In partnership with Defense One, former FBI veteran and Brennan Center Fellow Michael German interviewed former intelligence officials, congressional staffers, academic researchers, and advocates for an inside look at underlying structural and strategic problems in U.S. intelligence programs. Their arguments tackle three fundamental questions: what is the scope of the new intelligence community, why does it sometimes fail, and how should the U.S. reform it?
Rethinking Intelligence: What Will the Intelligence Enterprise Look Like in 10 Years? brings together experts for an in-depth discussion about what’s working and what’s not with U.S. intelligence practices as well as a candid discussion about the future of national security policy. Interviews from the Brennan Center’s “Rethinking Intelligence” video project were also screened.
Kevin Baron is executive editor of Defense One. A 15-year veteran of Washington’s defense, national security and foreign affairs scene, Baron has covered the military, the Pentagon, Congress and politics for Foreign Policy, National Journal, Stars and Stripes, the Boston Globe’s Washington bureau, and the Center for Public Integrity. Baron is vice president of the Pentagon Press Association.
Mary Ellen Callahan, Chair of Jenner & Block’s Privacy and Information Governance Practice, has unique and broad experience advising clients at the interface of privacy protection with cybersecurity and national security issues. A nationally recognized privacy attorney with a decade and a half of outside counsel experience, she served as Chief Privacy Officer of the U.S. Department of Homeland Security from 2009 until August 2012. She is a prolific writer and speaker on cutting-edge commercial privacy issues. She provides advice and counsel to an array of clients in industries that include media, public health and health care, manufacturing, online retail, government contracts, energy and other critical infrastructure sectors.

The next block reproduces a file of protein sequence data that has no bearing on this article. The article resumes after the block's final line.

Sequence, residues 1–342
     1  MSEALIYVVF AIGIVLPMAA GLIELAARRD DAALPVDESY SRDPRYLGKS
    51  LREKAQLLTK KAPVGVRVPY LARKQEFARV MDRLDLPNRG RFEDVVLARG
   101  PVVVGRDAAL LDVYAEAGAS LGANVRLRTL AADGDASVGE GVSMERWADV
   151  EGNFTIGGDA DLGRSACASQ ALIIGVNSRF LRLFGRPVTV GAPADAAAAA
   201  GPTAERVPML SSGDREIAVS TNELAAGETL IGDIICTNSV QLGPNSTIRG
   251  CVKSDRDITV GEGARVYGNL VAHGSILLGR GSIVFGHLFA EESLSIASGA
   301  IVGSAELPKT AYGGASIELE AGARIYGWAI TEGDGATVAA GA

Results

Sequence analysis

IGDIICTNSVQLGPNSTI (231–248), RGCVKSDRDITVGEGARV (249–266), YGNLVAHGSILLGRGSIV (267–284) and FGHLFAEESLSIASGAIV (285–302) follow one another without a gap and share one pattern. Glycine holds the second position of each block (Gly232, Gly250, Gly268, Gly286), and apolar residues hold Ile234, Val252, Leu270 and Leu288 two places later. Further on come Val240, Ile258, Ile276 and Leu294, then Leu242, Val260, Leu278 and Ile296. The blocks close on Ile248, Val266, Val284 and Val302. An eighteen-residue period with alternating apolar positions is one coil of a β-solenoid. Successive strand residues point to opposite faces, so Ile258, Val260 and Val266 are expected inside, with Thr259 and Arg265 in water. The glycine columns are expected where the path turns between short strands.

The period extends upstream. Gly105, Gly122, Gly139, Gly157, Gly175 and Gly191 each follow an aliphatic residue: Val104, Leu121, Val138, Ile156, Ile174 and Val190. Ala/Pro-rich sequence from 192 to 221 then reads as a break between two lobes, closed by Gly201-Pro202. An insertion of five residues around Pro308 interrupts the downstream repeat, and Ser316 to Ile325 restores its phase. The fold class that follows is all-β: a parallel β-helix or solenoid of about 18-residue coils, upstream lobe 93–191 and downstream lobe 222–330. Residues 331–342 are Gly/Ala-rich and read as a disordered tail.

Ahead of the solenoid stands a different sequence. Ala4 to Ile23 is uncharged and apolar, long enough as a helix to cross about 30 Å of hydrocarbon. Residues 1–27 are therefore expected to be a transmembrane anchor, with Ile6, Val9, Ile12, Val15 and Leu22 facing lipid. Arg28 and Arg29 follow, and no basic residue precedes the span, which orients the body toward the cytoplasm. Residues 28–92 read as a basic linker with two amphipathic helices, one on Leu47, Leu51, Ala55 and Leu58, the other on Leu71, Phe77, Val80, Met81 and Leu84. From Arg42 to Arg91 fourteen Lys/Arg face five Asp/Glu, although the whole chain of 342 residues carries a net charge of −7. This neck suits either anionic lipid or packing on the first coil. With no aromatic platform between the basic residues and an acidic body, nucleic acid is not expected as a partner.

In October, Ms. Callahan accepted the highest award in the privacy industry, the 2013 Privacy Vanguard Award, given by the International Association of Privacy Professionals. The award honors the privacy professional who has demonstrated outstanding leadership, knowledge and creativity in privacy and data protection. In 2011, she received the select Federal 100 Award, which recognizes individuals in government and industry who have played pivotal roles in the federal government information systems community. Ms. Callahan’s work on integrating cybersecurity, transparency and privacy at the Department of Homeland Security was cited as the reason for her Federal 100 recognition. She is a prolific writer and speaker on privacy issues, including having testified before Congressional Committees numerous times in her capacity as Department of Homeland Security Chief Privacy/Chief FOIA Officer. Ms. Callahan has served as Vice-Chair of the American Bar Association's Privacy and Information Security Committee of the Antitrust Division; Co-chair of the Privacy Committee of the CIO Council, the principal interagency forum for improving agency practices related to the design, acquisition, development, modernization, use, sharing, and performance of Federal information resources; and Co-chair of the Privacy and Civil Liberties Subcommittee of the Information Sharing and Access Interagency Policy Committee. She is a Certified Information Privacy Professional/United States (CIPP/US).